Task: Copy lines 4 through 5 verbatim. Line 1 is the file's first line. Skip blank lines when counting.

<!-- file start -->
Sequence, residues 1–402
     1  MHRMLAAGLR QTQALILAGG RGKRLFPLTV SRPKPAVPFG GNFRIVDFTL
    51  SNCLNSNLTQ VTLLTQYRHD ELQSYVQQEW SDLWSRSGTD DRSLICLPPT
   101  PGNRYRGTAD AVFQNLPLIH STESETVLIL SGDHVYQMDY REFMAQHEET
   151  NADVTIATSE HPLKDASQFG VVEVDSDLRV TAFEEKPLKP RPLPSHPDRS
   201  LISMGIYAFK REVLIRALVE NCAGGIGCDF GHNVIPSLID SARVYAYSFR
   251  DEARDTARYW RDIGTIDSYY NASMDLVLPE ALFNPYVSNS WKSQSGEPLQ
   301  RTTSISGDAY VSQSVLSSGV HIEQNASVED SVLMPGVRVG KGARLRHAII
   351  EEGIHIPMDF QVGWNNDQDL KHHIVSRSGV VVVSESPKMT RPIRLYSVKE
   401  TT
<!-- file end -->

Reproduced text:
   101  PGNRYRGTAD AVFQNLPLIH STESETVLIL SGDHVYQMDY REFMAQHEET
   151  NADVTIATSE HPLKDASQFG VVEVDSDLRV TAFEEKPLKP RPLPSHPDRS